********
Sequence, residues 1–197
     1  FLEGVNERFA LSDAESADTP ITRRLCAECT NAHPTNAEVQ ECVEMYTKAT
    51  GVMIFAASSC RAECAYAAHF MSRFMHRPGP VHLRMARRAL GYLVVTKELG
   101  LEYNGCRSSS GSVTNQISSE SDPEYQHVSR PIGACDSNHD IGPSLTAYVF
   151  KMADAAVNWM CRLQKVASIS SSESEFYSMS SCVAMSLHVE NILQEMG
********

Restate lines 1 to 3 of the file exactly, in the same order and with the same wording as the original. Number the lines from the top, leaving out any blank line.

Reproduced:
Sequence, residues 1–197
     1  FLEGVNERFA LSDAESADTP ITRRLCAECT NAHPTNAEVQ ECVEMYTKAT
    51  GVMIFAASSC RAECAYAAHF MSRFMHRPGP VHLRMARRAL GYLVVTKELG